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5 easy ways to add punch to your writing

Silhouette of a woman kickboxing on a beach

Long-winded copy is not good for business.

You know when you get stuck in a conversation that feels agonisingly slow and meandering? And you come away not really knowing what the point was?

It’s kinda the same with your copy.

If what you’ve written is too wordy or sluggish, your perfect customers might lose interest and go elsewhere.

OR they might persevere but there’s a risk your message won’t land in the right way.

As purpose-driven businesses, we need our message to land, because this is how we connect with our audience and inspire them to take ethically positive action – whether that’s choosing our products or services or becoming conscious of a cause.

If you’re struggling to make your copy punchy and concise, try these five tips straight from my copywriter toolbox. *

* Note: These are techniques, not rules. As you write, keep in mind your brand voice and the tone of your piece to ensure your copy still feels true to you.

1. Stop saying that

No, really, the word ‘that’ often adds nothing to your copy.

It only adds to your word count.

Take this example:

“Diving with manta rays is the most magical thing that I’ve done.”

I’ve never dived with manta rays (a girl can dream) but back to the point…

See how easily I removed ‘that’ from the sentence? And how it hasn’t altered the meaning in the slightest?

This is a quick win to make your copy snappier.

Give it a try: comb through your copy for ‘that’ and, if it doesn’t add to the meaning or accuracy of the sentence, let it go!

2. Get active

No, I’m not asking you to whip out your yoga mat. But if you want to take a savasana before tackling your copy, you go for it…

I’m talking about writing in the active voice.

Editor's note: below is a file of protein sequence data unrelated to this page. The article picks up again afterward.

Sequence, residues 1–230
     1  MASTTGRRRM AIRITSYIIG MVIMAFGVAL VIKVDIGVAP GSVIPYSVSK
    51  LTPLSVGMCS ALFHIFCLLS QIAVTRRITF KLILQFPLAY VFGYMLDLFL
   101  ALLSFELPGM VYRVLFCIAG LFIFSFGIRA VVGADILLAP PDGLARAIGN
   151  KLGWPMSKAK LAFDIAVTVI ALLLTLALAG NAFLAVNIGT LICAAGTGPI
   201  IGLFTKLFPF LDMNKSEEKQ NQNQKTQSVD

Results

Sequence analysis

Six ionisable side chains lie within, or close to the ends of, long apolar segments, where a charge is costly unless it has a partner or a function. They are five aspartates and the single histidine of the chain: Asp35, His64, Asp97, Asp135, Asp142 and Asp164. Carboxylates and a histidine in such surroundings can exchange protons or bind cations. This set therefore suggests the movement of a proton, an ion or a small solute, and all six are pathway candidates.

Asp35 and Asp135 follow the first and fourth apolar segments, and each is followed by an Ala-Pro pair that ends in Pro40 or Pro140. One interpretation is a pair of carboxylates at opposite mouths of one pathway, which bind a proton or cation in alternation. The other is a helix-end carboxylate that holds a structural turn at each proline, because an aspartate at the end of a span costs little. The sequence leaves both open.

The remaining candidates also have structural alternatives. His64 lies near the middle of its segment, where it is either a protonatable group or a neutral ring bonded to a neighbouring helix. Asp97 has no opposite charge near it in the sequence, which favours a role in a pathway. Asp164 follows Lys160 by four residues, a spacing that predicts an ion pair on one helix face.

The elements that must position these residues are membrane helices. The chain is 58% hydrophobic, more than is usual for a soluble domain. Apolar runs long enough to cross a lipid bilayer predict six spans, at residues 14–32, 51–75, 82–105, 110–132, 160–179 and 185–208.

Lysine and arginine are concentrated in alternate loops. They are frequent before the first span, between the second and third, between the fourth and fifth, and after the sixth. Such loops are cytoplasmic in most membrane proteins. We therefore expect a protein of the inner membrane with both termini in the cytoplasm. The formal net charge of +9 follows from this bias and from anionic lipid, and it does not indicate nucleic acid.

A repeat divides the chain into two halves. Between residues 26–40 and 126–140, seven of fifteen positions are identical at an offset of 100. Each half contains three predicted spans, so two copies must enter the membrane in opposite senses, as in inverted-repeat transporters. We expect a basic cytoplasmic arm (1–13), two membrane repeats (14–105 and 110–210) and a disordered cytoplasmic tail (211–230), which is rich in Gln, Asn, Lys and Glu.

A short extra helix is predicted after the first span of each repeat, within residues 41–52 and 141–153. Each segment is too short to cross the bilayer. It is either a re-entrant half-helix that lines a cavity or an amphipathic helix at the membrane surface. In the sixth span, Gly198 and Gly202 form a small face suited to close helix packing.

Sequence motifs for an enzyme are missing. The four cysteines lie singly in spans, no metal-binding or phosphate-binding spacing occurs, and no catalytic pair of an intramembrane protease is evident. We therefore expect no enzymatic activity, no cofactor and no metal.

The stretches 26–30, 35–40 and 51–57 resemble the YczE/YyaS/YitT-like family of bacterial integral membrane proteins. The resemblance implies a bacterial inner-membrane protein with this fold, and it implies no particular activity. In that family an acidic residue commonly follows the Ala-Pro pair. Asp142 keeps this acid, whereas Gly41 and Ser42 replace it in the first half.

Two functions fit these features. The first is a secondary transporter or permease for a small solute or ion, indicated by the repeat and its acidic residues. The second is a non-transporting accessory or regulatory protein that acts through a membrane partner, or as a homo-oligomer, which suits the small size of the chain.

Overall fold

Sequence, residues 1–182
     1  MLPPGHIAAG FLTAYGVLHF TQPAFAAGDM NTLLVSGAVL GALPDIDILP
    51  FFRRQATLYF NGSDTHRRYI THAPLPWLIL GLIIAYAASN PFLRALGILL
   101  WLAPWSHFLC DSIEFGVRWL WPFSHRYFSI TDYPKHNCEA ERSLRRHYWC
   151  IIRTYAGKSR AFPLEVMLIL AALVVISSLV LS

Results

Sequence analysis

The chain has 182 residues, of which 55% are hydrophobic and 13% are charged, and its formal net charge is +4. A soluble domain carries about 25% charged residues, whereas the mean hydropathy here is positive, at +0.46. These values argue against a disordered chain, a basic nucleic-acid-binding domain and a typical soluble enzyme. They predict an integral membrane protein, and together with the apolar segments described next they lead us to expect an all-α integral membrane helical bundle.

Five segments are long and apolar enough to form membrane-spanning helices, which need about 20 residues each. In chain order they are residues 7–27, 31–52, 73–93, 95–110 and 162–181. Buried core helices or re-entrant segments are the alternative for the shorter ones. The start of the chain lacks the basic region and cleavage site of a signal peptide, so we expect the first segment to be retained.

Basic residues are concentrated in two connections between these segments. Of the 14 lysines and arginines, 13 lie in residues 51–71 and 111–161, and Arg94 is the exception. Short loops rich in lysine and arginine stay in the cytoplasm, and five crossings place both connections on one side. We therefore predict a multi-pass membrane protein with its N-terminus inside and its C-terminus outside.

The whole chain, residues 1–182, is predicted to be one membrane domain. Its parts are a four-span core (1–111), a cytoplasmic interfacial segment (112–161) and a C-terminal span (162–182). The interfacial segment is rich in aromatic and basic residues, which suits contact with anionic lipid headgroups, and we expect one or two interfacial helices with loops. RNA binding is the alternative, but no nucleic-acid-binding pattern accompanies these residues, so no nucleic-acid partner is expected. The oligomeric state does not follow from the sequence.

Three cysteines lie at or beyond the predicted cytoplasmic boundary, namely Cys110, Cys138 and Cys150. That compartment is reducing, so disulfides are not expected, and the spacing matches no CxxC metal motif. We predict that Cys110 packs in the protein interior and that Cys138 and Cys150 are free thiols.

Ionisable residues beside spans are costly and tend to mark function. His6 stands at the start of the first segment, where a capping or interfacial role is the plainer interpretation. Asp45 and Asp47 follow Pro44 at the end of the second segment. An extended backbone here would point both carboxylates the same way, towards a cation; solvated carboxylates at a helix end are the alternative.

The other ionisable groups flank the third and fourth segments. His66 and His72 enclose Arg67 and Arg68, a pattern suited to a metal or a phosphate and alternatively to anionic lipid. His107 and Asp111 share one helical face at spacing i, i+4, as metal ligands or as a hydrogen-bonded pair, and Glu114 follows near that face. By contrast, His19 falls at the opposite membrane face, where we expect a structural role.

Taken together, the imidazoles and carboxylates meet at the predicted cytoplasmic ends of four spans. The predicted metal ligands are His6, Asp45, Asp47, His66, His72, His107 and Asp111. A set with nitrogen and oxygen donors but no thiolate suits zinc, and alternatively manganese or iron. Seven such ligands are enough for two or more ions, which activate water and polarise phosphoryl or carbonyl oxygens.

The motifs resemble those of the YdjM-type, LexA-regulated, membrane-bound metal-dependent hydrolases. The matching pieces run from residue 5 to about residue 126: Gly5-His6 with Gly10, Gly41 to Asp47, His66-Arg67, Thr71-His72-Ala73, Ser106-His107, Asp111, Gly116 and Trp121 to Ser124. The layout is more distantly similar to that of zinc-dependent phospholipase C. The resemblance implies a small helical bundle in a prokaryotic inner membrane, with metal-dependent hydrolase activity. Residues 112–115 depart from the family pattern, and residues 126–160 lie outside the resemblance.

Take the sentence “I love swimming”. It’s clear and simple, isn’t it? The subject (I) performs an action (love) on an object (swimming). This is an example of active voice.

Now, let’s flip the sentence: “Swimming is loved by me”. This is passive voice. The object (swimming) is being acted upon (loved) by the subject (me). The message is the same as above but it’s a way more indirect and roundabout way of saying it.

When your copy has too much passive voice, it can feel murky and unfocused.

Try using the active voice to add impact and oomph.

3. Mix it up

Is every sentence of your copy a similar length?

If so, this could be affecting the pace of your writing and making it sound robotic and monotonous.

Check out this example:

Our swimwear is ethical and sustainable. It is made from plastic bottles. It is designed to fit securely. This lets you enjoy more adventure. It also means more ocean impact.


Our swimwear is ethical and sustainable. Made from recycled plastic bottles, it’s designed to fit securely so you can stay in the water for longer. This means one thing – more adventure! And more ocean impact.

One is way more engaging and conversational, don’t you think?

In the first example, every sentence is six words. As such, the tone feels mechanical and impersonal. You’ll tire your reader very quickly if you don’t mix up your sentence lengths.

In the second, the sentence lengths are varied. This reflects the normal rhythm of speech and lets the reader find a flow.

They’re tiny tweaks but they make a big difference!

4. Cut redundant words

Absolutely essential. Past experience. End result.

See how both words mean the same in each phrase above?

You can cut ‘Absolutely’, ‘Past’ and ‘End’ without changing the meaning.

If something is essential, adding the word ‘absolutely’ doesn’t make it any more essential, does it?

Similarly, experience is by default something that happened in the past, so saying ‘past experience’ is unnecessary repetition.

These are redundancies (i.e. unnecessary repeated words or ideas).

And they’re easy words to trim to make your writing sharper. *

* Don’t feel like you always have to remove redundancies, though! Sometimes they can add personality to your writing. For example, I love saying ‘Absolutely’ and ‘Totally’.

5. Get to the point

I was once taught a trick I’ll never forget:

Write your piece, then delete the first paragraph.

Oh. My. God. – It makes the piece so much more attention-grabbing.

We have a tendency to write our way into things or over-prepare our readers. But when you cut the first paragraph (or more), you pull them straight into the heart of the action. And that’s a far more interesting place to start!

Remember: readers are busy. They don’t have time to wade through paragraphs of fluff and filler.

Keep it focused!


Right then, that’s about it for how to add punch to your writing.

Reach for these tips whenever your writing feels flabby and enjoy seeing it connect with more of your perfect people.

Of course, if you’re an ethically conscious or sustainability business, I can write your copy for you or do a copy clean-up. Get in touch to chat about how we can work together.

Until next time,

Keep making waves!